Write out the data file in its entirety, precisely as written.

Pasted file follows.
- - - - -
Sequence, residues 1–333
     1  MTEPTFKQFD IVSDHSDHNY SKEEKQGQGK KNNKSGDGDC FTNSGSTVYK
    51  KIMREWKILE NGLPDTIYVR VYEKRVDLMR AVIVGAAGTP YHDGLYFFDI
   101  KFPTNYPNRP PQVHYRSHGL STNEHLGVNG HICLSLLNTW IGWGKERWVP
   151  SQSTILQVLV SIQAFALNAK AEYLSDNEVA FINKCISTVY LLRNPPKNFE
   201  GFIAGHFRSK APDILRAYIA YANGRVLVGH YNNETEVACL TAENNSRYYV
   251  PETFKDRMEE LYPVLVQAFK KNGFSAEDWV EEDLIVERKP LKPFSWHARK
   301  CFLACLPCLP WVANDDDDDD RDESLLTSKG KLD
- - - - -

Sequence, residues 1–333
     1  MTEPTFKQFD IVSDHSDHNY SKEEKQGQGK KNNKSGDGDC FTNSGSTVYK
    51  KIMREWKILE NGLPDTIYVR VYEKRVDLMR AVIVGAAGTP YHDGLYFFDI
   101  KFPTNYPNRP PQVHYRSHGL STNEHLGVNG HICLSLLNTW IGWGKERWVP
   151  SQSTILQVLV SIQAFALNAK AEYLSDNEVA FINKCISTVY LLRNPPKNFE
   201  GFIAGHFRSK APDILRAYIA YANGRVLVGH YNNETEVACL TAENNSRYYV
   251  PETFKDRMEE LYPVLVQAFK KNGFSAEDWV EEDLIVERKP LKPFSWHARK
   301  CFLACLPCLP WVANDDDDDD RDESLLTSKG KLD